P: Hmm, he’s got two cars. And the house he has is massive. He’s got a maid, and a cook, and I’m stuck with a two up two down [HOUSE TYPE] with a fat man who goes on and on about Gallic football. Can we stop talking about him

BS: Jesus you’re the one who’s talking.

P: How’s the smoke going?

BS: Grand

P: Filty habit, disgusting.

BS: Lovely though

P: Ay, praise the lord.

BS: 28 my god.

P: Oh stop it. So what happened to your eye Bobby?

BS: What?

P: Did you have a dig at yourself? Your eye

BS: Difference of opinion

P: How’s the other fella?

BS: A lot worse, believe me.

P: So what did you call me here for?

BS: Is that the idle banter over with?

P: Priest etiquette, start with the small talk.

BS: I’m learning a lot about the priesthood though

P: Oh you’d make a good priest. Good talker, man of principle, leader of men.

BS: Political theorist

P: The church loves a reformed crook

BS: I always felt that thief next to Jesus got off lightly

P: Ah but he recognised his sins

BS: Did he though?

P: Ay, said as much

BS: When you’re hung from a cross you don’t say anything. Jesus offers him a place next to his daddy in a place called paradise. You’re always gonna put your hand up and have a piece of that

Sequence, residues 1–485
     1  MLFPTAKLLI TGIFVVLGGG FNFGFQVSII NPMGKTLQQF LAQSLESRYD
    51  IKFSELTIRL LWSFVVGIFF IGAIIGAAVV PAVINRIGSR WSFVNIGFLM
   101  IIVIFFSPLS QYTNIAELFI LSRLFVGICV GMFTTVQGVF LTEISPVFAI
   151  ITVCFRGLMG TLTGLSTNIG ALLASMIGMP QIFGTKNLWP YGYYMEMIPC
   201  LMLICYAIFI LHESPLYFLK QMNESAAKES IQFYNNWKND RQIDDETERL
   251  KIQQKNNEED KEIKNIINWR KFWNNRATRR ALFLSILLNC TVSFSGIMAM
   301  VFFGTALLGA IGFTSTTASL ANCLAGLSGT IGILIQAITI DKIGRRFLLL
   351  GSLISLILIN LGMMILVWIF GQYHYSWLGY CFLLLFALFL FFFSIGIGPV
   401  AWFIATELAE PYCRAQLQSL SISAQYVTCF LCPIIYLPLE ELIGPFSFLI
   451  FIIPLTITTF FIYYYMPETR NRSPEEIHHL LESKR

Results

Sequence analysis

P: Ay, even when it’s nailed to a cross

BS: Jesus Christ that’s sacrilegious

P: No, no, he was a dirty thief. So what did you want to tell me? Where are you at? Been driven mad by that governer yet?

BS: You see this negotiating lark? It’s been a sideshow.

P: But you understand why you need to do it?

BS: Because we’re no longer good propaganda

P: According to who? The leadership?

BS: Time’s come. Decision had to be made.

P: You think that’s what the leadership think?

BS: Maybe, I don’t know.

P: You’re a bit paranoid Bobby.

BS: 10,000 people marched for the hunger strikers last october, right? International pressure on the Brits and all that.

P: Busy time

BS: Even the pope’s having a say, getting involved. The whole world trying to get Maggie Thatcher to back down, give us our demands. But all came to nothing. Hunger strike failed, we’re on the frontline. We created the protest, it’s our responsibility. Leadership have been very clear to me, Don. Four and a half years of the no wash protest as much as it’s has highlighted republicanism to some extent. It’s also distracted from the wider development of the organisation.

P: As your needs are specific needs.